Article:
Discuss the "Root Cellar" by Theodore Roethke and its images.
Survival goes to whoever is the fittest and those that will never give up. This is the theme of “Root Cellar” by Theodore Roethke. Amazing spirited plants that want to survive in a hostile environment can be found in Roethke’s cellar. No one would want to go down into the cellar, but the poet admires the efforts of the plants to live.
The narration is third person with an upbeat tone. As the speaker observes this rather dismal little room, he is amazed and awed by the struggling plants.
This is a lyrical poem written in free verse. There is no rhyme scheme. However, there are stark and interesting images with appeal both to the sight and smell senses. The poet champions anything that has to struggle to survive, particularly in a harsh environment. It makes no difference how small, ugly, or useless; each should have a chance to survive and live freely.
A root cellar is a structure built underground or partially underground and used to store vegetables, fruits, and nuts or other foods. Root cellars are for keeping food supplies at a low temperature and steady humidity.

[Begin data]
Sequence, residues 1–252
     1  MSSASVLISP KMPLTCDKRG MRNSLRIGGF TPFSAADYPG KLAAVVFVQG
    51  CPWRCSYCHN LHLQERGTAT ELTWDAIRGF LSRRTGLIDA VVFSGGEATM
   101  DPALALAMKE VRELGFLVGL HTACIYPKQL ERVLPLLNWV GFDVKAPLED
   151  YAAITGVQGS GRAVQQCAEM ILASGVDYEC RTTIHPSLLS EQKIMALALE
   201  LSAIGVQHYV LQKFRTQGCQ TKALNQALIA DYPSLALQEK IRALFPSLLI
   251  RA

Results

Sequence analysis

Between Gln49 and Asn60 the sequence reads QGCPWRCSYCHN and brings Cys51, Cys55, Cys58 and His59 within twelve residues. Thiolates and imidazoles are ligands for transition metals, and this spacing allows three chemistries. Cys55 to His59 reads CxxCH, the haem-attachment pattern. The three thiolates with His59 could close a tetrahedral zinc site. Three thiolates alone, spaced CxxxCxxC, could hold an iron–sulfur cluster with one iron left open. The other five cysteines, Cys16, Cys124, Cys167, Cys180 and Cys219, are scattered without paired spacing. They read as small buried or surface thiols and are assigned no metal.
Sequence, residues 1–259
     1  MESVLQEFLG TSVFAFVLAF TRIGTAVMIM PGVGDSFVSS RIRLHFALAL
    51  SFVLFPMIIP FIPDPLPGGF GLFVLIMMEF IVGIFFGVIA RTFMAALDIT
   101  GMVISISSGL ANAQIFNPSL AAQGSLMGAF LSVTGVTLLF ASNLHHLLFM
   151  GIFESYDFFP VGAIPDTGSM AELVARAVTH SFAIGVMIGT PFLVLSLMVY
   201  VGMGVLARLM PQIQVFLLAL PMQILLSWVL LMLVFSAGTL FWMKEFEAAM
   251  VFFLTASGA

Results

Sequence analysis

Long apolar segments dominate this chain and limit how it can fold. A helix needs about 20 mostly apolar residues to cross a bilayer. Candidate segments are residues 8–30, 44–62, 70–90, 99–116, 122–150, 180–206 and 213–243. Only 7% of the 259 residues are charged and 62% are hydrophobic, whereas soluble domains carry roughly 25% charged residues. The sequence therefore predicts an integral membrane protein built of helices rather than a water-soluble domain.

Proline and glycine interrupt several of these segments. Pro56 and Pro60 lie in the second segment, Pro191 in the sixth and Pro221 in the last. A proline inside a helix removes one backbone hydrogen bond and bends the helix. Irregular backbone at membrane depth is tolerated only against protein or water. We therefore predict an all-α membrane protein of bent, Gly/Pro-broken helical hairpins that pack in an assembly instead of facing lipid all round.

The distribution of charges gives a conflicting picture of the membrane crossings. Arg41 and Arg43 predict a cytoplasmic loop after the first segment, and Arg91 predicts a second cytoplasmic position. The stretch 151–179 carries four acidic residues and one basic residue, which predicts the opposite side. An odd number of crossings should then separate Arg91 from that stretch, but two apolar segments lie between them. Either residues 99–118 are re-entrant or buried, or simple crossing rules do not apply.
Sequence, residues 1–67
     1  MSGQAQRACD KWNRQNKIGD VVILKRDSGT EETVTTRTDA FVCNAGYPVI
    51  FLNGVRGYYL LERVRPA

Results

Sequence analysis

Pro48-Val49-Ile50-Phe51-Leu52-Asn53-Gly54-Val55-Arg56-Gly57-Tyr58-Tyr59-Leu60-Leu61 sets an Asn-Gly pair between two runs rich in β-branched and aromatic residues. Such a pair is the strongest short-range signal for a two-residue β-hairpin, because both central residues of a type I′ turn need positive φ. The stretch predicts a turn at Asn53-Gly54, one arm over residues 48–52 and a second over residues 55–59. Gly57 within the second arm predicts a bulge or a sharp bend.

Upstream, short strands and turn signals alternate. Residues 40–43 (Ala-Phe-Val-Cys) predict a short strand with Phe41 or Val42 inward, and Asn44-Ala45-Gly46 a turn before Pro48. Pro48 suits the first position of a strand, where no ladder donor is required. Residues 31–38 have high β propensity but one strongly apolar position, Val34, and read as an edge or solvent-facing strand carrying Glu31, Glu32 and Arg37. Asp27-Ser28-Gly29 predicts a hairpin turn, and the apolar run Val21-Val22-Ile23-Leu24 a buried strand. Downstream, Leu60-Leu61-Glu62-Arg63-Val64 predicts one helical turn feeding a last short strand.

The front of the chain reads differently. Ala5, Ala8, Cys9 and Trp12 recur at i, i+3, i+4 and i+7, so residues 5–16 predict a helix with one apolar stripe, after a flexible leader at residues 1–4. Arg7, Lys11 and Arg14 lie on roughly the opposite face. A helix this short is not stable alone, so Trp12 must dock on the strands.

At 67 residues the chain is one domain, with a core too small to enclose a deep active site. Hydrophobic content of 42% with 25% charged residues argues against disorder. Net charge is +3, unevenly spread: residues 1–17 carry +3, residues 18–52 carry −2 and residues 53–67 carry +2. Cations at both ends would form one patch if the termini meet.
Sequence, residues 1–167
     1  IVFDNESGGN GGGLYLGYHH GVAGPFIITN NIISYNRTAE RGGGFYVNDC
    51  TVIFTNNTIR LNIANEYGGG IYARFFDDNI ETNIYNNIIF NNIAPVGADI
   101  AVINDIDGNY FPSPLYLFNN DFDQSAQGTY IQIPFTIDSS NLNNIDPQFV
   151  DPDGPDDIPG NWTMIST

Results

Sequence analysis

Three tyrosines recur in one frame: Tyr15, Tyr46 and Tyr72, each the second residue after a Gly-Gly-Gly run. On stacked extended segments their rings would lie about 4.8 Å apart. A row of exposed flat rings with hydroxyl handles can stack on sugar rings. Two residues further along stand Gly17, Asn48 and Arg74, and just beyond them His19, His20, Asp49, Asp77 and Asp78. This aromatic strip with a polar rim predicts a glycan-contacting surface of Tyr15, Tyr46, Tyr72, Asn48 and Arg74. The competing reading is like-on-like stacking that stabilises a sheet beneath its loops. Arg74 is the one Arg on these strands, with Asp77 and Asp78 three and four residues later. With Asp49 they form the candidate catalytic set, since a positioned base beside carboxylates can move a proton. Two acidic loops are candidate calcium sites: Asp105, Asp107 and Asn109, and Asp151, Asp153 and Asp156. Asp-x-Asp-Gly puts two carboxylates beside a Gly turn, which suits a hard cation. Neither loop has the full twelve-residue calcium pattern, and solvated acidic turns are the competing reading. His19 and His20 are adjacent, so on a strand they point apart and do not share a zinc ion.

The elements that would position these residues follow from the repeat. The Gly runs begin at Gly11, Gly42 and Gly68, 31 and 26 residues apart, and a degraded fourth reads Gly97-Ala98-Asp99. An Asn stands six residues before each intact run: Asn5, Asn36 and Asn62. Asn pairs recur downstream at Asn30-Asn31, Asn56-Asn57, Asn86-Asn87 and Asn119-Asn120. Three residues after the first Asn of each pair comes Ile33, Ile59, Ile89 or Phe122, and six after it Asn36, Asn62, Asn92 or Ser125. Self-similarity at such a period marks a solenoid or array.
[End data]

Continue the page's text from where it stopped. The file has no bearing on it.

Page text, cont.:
This is a fun poem that also repulses as it describes the weird images of the roots. It is one interesting image after another specifically in praise of plants that do not die but search for ways to propagate and find the much needed sun to survive.
The poem begins by stating that nothing sleeps in the dark cellar. It looks like it is alive. The bulbs have taken root everywhere pushing out of boxes searching for the precious sunlight.
The roots hang on everything, coming out of cranes almost indecently. Hanging down from the ceiling with the long necks of the roots, they look like serpents,
Roots ripe as old bait,
Pulpy stems, rank, silo-rich,
Leaf-mold, manure, lime, piled against slippery planks.
Nothing would give up life:
The community of smells is disgusting.
Ripe roots like fish bait and stems that are mushy, moldy—all are piled up against old boards.
No plants died because all willed themselves to live. It almost seemed like the dirt shows signs of life. This is no place for man, but the perfect place for these strong-willed plants.
The poet also uses several types of literary devices to paint the picture of the root cellar.
Alliteration is used to add to the visual and auditory aspect of the poem. The rhythm of the poem is enhanced by his alliterative uses of the “d,” “b,”and “l.”
- …dank as a ditch…
- …dark shoots dangled and drooped
- Bulbs broke out of boxes…
- Roots ripe…
- Leaf-mold, manure, lime, life…
Another device which adds to the flavor of the poem is personification:
- The plants sleep
- Bulbs break out and hunt
- Dirt breathes
- Cellar dank as a ditch
- Roots have long evil necks like tropical snakes
- Roots ripe as old bait…